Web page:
Xinjiang Authorities Sentence Uyghur Septuagenarian Former Official to Lengthy Jail Term

2020-12-18
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Xinjiang Authorities Sentence Uyghur Septuagenarian Former Official to Lengthy Jail Term A Chinese police officer takes his position by the road near what is officially called a 'vocational education center' in Ghulja, Xinjiang, Sept. 4, 2018.
Photo: RFA

Authorities in northwest China’s Xinjiang Uyghur Autonomous Region (XUAR) have sentenced a septuagenarian Uyghur retiree who spent decades as a public servant to a lengthy jail term for attending a Muslim sermon during a wake held 13 years ago, according to local officials.

A source claiming inside knowledge of the situation recently told RFA’s Uyghur Service that 73-year-old Rukiya Osman, a former government official in Ghulja (in Chinese, Yining)—the seat of Ili Kazakh (Yili Hasake) Autonomous Prefecture and the XUAR’s third largest city—had been arrested and sentenced to 17 years in prison.

Osman, who spent 30 years working in women’s affairs in Dongmazar township, in the county-level city of 550,000 people, reportedly oversaw the interrogations of countless women for violations of family-planning policies limiting minorities to two children in the city and three in rural areas, and even escorted pregnant women to hospitals where they were forced to have abortions for skirting the rules.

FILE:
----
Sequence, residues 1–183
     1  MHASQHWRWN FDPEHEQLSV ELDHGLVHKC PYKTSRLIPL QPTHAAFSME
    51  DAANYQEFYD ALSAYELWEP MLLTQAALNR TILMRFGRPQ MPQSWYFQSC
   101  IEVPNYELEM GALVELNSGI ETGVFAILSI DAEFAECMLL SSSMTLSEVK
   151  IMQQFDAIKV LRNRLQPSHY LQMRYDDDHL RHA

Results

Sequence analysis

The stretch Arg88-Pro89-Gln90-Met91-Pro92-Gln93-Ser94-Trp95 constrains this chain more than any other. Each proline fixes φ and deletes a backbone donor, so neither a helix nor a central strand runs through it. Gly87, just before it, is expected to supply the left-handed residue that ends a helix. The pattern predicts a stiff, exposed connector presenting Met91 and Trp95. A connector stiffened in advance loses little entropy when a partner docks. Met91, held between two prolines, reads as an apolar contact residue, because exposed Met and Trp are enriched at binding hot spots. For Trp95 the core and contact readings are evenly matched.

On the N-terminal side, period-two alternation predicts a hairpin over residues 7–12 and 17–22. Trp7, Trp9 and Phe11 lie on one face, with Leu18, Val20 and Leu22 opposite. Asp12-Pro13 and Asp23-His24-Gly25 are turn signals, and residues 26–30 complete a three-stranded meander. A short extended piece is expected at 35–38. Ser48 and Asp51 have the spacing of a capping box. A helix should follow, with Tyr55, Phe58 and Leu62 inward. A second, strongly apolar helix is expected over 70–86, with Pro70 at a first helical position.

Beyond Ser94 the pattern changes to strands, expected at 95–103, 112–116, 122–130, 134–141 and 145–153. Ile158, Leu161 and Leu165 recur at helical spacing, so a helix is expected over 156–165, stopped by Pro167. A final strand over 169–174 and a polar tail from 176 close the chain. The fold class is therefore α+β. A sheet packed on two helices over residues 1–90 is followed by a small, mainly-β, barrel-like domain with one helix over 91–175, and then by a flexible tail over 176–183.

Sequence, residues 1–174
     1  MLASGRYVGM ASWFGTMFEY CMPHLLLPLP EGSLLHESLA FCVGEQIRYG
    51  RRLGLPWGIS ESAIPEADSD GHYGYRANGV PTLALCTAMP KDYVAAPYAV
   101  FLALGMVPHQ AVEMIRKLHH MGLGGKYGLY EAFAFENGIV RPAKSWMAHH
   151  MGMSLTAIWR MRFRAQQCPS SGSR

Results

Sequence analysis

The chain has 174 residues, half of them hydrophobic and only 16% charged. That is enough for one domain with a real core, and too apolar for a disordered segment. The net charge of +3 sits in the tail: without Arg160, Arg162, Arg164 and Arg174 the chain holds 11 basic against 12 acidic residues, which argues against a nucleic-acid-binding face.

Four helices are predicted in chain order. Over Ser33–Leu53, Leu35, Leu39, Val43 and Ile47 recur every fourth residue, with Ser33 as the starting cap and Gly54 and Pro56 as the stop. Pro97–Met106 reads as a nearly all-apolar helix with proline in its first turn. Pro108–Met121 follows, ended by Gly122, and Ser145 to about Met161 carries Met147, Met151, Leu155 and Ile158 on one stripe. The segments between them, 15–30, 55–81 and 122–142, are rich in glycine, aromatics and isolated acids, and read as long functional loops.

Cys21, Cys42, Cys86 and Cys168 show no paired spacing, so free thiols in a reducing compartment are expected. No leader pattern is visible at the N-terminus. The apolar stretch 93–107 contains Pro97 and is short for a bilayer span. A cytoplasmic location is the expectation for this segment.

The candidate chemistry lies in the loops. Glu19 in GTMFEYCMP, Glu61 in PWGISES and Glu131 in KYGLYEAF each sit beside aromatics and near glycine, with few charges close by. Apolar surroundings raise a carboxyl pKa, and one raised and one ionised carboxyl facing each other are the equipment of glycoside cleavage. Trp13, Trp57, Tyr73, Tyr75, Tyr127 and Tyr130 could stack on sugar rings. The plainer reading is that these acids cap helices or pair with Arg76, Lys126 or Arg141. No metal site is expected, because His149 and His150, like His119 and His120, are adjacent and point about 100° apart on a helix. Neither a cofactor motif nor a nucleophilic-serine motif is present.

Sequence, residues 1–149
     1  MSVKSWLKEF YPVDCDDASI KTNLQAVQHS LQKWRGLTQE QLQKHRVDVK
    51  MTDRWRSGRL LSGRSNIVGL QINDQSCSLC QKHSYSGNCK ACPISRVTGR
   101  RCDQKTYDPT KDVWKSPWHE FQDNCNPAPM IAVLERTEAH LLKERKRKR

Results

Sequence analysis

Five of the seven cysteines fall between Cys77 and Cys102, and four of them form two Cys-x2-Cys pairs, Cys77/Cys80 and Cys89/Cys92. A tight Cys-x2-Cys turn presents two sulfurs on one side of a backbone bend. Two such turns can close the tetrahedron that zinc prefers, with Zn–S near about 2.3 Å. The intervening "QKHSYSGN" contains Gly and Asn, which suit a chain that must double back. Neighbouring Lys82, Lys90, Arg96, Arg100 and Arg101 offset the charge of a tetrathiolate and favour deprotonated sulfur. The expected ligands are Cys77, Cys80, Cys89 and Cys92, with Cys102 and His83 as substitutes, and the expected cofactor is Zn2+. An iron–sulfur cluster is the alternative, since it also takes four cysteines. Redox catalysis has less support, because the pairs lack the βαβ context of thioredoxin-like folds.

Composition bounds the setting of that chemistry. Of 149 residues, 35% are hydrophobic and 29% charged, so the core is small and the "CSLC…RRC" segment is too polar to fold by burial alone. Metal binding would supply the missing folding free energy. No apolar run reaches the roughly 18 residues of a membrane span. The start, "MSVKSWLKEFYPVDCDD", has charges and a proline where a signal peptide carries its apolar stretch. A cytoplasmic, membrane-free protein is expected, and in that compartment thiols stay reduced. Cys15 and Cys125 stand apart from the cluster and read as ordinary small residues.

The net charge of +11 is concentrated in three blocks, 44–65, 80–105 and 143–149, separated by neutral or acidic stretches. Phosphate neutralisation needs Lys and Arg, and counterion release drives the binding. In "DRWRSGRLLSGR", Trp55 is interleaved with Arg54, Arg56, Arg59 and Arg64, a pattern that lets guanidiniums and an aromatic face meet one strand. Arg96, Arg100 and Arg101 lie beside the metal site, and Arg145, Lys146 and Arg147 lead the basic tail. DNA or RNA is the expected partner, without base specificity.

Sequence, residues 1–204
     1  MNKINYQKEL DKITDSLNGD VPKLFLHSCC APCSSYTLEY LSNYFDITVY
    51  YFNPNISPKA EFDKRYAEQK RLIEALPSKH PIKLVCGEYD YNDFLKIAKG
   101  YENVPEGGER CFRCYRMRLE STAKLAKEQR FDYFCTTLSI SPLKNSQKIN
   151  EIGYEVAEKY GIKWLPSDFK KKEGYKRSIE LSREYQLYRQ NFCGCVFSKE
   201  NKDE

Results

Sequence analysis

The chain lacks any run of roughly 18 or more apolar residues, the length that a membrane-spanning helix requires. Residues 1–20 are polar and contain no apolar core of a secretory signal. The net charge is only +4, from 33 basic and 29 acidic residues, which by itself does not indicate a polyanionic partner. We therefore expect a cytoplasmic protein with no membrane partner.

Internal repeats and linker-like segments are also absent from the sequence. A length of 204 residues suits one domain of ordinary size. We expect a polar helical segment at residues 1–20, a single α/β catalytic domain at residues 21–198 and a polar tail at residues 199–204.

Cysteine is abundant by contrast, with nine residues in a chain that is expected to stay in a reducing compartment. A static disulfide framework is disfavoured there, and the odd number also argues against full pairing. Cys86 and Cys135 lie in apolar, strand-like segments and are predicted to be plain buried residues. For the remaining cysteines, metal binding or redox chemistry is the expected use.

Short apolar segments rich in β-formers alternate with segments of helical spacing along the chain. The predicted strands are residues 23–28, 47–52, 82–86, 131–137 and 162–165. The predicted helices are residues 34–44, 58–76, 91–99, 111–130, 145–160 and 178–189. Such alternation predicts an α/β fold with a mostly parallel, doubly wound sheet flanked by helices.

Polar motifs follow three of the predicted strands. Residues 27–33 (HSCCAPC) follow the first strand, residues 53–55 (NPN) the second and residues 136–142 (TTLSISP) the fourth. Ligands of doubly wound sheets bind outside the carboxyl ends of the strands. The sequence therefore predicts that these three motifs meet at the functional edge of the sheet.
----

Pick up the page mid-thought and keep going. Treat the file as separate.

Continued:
A 40-year member of the ruling Chinese Communist Party (CCP), she was also responsible for having reported many violations to higher-ups in the local government, said the source, speaking on condition of anonymity for fear of reprisal. On a number of occasions, she won accolades and awards within the government system for having so dutifully carried out her work.

However, in 2017, after the start of a mass incarceration drive that has since seen an estimated 1.8 million Uyghurs and other Muslim minorities detained in a vast network of internment camps in the XUAR, and the intensification of state-led repression in the region, Osman herself became suspect and was brought in for questioning.

During her interrogation, it was discovered that 10 years earlier, she had listened to a sermon while attending a wake. This sermon was ultimately used as “evidence” against her, landing her in prison.

‘Bit of a mistake’

RFA’s Uyghur Service spoke with a police chief in Ghulja who referred questions about Osman’s sentencing to the office of a local secretary for politics and law.

Using the number he provided, RFA was able to speak with the secretary of the township committee of the Chinese Communist Party’s Office of Politics and Law who confirmed that Osman was among a group of people from Dongmazar Bazaar who had been detained.

“Among the women there’s one named Rukiya—she was sentenced to 17 years,” she said, adding that the woman’s family name is Osman and that she is 73 years old.

“She’s a Party member. She worked for the government for 30 years, but she made a bit of a mistake.”